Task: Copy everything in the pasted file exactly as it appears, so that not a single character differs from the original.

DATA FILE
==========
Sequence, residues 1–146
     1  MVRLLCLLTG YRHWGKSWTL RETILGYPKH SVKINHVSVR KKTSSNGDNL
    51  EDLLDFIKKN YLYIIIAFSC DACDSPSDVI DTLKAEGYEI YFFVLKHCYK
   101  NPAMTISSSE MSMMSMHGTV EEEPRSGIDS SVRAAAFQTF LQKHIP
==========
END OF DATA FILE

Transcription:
Sequence, residues 1–146
     1  MVRLLCLLTG YRHWGKSWTL RETILGYPKH SVKINHVSVR KKTSSNGDNL
    51  EDLLDFIKKN YLYIIIAFSC DACDSPSDVI DTLKAEGYEI YFFVLKHCYK
   101  NPAMTISSSE MSMMSMHGTV EEEPRSGIDS SVRAAAFQTF LQKHIP